Numerous conservative biblical commentators have suggested exactly such a view, including Adam Clarke (n.d. 5:194-197) and H. Leo Boles (1952, pp. 400-401). One writer by the name of Watts put it like this:
It is not the design of this parable to represent the final rewards of the saints at the day of judgment, but to show that the nation of the Jews, who had been called to be the people of God above a thousand years before, and had borne the burden and heat of the day, i.e., the toil and bondage of many ceremonies, should have no preference in the esteem of God above the Gentiles, who were called at the last hour, or at the end of the Jewish dispensation (as quoted in Woods, 1980, 122:532).
While the parable of the laborers established that all who are deserving (Jew or Gentile) would inherit a reward, it also emphasized God’s grace. As Lenski remarked:
The warning represented in this parable suggests our responsibility. If we close eye and heart against grace, no matter how high we stand in the church or how much we work, we shall lose life eternal (1943, p. 781).
But what of the denarius? What does it represent, if not eternal life? Lenski concluded—correctly, we believe—that the denarius represents the blessings one receives here on Earth by being a member of the Lord’s church.
The denarius paid at evening constitutes the temporal blessings connected with our Christian profession and work, and these blessings are made ours already during the entire time that we work. Every one of us gets his denarius; every one enjoys the same temporal benefits that are connected with life in the church. They come to the new convert exactly as they do to the old, to the preacher as well as to the [member], to the child as well as to the octogenarian (p. 772).
REASONS FOR UNEQUAL REWARDS
Lending credence to the idea that Jesus’ parable in Matthew 20 is not discussing equality of eternal rewards is the fact that the Bible plainly depicts certain people being awarded a unique and distinguished position in heaven. Revelation 15:3 notes that in heaven “they sing the song of Moses the servant of God, and the song of the Lamb.” Surely none of us would be so bold as to suggest that the hosts of heaven will sing a song about us as they do about Moses. Furthermore, in Revelation 21:14 John wrote that “the wall of the city had twelve foundations, and on them twelve names of the twelve apostles of the Lamb.” While we recognize the somewhat figurative nature of certain terms employed by John, the principle nevertheless remains: the apostles ultimately will occupy a place of greater preeminence in the heavenly abode. Also, Luke 16 portrays Abraham as having more prominence and authority in the afterlife than Lazarus. Consider also Mark 10:40, wherein James and John asked the Lord to allow them to sit next to Him in glory—one on His right side and one on His left. Jesus replied: “To sit on my right hand or on my left hand is not mine to give; but it is for them for whom it hath been prepared.” Some glorified beings (whether angelic or human) will occupy a place of distinction beside the Savior—a unique and special place reserved solely for them.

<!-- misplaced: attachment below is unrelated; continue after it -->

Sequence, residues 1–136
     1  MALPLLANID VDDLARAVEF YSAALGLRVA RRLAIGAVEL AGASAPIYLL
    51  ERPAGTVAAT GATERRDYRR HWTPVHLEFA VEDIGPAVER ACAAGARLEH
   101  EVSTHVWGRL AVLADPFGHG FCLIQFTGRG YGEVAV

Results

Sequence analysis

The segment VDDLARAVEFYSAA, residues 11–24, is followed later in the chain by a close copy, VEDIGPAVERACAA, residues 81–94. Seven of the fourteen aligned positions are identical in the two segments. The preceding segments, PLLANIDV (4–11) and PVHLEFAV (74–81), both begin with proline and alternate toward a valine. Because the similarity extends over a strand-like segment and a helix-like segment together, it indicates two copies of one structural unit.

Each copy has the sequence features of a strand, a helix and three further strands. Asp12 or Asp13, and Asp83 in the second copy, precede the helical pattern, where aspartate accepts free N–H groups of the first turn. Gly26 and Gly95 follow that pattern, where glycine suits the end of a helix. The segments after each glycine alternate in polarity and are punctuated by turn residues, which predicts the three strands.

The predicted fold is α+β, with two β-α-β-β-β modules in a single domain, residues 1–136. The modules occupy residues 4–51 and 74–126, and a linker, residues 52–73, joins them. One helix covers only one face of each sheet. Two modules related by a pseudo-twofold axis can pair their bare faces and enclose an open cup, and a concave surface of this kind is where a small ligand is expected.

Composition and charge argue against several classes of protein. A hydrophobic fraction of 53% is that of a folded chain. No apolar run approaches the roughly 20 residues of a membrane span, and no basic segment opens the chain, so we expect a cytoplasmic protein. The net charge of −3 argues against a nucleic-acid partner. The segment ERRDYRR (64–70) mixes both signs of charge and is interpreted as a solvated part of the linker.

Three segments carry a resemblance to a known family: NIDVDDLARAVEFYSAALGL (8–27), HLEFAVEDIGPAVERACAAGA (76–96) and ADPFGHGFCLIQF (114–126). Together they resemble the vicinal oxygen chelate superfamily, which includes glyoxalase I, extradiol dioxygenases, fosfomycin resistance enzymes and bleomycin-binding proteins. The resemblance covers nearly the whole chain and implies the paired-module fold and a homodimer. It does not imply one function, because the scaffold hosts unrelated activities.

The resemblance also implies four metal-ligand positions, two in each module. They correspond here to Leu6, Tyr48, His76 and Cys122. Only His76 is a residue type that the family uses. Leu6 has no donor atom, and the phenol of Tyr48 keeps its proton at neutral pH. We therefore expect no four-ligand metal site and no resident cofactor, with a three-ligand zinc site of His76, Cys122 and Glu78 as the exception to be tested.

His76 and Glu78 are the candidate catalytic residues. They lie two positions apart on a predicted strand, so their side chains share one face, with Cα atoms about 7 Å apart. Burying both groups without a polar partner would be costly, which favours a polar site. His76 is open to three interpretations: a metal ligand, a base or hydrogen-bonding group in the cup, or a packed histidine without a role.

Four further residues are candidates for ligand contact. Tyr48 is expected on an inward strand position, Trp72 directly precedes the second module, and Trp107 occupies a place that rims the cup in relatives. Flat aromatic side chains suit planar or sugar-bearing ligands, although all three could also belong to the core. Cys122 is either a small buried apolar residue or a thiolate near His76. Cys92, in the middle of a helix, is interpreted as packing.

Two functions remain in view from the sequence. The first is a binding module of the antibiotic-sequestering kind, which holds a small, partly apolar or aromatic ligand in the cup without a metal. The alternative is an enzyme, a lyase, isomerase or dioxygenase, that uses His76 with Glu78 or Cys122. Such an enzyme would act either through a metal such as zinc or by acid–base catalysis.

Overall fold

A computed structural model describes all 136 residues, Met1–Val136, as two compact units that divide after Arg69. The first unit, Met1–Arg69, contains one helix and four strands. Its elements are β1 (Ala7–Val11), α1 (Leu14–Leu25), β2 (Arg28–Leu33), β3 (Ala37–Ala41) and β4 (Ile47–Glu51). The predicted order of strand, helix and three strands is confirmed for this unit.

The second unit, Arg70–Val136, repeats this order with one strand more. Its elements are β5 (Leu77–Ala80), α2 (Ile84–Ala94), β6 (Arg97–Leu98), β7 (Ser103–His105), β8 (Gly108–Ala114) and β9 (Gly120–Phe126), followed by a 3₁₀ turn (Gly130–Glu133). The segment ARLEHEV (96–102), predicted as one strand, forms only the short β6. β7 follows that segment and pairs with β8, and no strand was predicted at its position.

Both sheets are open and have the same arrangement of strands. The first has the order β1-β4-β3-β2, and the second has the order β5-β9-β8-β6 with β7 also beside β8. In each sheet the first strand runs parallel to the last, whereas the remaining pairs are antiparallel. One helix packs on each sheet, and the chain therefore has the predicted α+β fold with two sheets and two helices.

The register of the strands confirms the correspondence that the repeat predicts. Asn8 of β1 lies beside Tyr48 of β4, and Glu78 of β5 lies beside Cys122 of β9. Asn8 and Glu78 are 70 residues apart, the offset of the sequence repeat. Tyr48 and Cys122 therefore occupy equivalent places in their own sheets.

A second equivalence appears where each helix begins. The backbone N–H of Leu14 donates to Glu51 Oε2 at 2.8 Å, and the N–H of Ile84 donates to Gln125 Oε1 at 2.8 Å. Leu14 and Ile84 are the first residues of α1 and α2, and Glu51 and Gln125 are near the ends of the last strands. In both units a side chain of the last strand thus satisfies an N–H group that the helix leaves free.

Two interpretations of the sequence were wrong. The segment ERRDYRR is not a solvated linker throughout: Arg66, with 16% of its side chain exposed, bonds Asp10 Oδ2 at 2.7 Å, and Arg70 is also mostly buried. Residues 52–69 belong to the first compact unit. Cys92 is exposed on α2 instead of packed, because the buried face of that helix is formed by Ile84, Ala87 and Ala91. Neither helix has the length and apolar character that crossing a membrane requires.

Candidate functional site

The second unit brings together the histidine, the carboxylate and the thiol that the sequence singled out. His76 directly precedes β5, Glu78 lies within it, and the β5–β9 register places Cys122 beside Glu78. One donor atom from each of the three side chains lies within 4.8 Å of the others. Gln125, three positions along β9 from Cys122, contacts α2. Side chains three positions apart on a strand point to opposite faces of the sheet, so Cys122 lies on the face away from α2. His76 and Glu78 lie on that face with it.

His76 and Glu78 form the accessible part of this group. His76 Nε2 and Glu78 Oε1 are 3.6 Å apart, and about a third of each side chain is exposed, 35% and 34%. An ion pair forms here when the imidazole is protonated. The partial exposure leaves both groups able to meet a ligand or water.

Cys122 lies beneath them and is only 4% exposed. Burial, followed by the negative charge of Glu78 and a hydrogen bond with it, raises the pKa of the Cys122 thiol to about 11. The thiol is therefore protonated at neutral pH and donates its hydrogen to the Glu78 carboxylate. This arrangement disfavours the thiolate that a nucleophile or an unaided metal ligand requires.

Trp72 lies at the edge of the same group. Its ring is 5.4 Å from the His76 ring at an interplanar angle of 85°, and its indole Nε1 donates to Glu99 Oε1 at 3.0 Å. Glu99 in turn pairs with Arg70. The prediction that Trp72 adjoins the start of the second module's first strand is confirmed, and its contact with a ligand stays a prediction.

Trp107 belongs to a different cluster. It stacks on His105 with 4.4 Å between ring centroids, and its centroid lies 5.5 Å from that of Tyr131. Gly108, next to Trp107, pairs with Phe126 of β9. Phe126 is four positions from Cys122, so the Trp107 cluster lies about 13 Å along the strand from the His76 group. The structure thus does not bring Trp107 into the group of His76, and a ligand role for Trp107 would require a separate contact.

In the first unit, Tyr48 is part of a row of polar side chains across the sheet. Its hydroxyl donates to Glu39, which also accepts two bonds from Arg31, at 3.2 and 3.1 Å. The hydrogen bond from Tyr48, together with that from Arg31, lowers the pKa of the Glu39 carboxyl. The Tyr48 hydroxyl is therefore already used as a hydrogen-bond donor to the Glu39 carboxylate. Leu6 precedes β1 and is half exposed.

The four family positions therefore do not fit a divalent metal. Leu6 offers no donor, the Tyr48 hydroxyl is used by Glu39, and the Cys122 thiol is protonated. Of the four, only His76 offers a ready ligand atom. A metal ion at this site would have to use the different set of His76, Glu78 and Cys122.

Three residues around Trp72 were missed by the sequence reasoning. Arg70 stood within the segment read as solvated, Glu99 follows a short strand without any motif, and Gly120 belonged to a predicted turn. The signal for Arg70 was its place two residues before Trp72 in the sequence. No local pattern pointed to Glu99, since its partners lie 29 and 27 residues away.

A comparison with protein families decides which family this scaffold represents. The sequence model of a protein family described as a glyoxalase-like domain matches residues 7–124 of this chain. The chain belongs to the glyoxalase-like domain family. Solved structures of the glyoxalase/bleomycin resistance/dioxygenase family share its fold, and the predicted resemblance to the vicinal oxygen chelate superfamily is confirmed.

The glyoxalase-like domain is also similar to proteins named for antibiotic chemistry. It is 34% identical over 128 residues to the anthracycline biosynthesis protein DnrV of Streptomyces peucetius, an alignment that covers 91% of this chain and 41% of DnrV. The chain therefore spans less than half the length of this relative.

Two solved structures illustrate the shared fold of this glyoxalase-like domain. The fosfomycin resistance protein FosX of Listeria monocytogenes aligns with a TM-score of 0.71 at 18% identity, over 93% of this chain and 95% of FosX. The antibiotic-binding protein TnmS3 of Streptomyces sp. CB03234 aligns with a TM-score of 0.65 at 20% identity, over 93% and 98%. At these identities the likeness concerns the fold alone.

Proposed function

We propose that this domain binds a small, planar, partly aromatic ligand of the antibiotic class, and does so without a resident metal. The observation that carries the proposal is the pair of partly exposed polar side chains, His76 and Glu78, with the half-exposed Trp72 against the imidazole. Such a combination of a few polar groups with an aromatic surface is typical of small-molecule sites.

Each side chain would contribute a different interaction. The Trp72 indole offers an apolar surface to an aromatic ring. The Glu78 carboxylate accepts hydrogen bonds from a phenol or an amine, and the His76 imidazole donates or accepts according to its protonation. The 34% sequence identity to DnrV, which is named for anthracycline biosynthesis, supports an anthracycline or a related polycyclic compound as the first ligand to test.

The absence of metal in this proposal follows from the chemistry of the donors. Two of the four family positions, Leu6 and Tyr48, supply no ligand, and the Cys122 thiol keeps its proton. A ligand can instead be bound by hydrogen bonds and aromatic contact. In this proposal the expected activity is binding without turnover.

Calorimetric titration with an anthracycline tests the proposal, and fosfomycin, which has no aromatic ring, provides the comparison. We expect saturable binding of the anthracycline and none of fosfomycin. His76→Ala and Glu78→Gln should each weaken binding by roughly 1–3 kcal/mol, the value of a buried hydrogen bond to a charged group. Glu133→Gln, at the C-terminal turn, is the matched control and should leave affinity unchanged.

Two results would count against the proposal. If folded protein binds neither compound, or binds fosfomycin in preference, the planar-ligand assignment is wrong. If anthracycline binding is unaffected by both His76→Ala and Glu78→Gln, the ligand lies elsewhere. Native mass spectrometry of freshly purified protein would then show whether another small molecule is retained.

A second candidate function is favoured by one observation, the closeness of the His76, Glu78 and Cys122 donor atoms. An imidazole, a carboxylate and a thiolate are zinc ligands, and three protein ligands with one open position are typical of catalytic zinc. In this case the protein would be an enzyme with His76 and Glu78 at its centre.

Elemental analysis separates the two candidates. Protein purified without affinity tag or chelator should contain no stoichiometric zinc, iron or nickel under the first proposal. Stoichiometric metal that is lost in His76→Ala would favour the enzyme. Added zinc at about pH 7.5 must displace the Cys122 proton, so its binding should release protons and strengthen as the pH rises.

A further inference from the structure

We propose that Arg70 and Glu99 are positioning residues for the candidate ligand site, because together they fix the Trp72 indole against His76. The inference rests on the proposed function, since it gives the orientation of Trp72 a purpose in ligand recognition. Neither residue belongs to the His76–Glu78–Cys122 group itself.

Some have argued against the idea of differing rewards by claiming that heaven will be perfect, and that something perfect can be neither improved nor diminished. However, Jesus observed that “even so there shall be joy in heaven over one sinner that repenteth, more [joy] than over ninety and nine righteous persons, who need no repentance” (Luke 15:7, emp. added). In at least some sense, then, joy in heaven can differ in degrees. The principle of degrees of heavenly reward—which is taught quite plainly in Scripture—should motivate every Christian to “work while it is yet day, for the night cometh when no man can work” (John 9:4).
DEGREES OF ETERNAL PUNISHMENT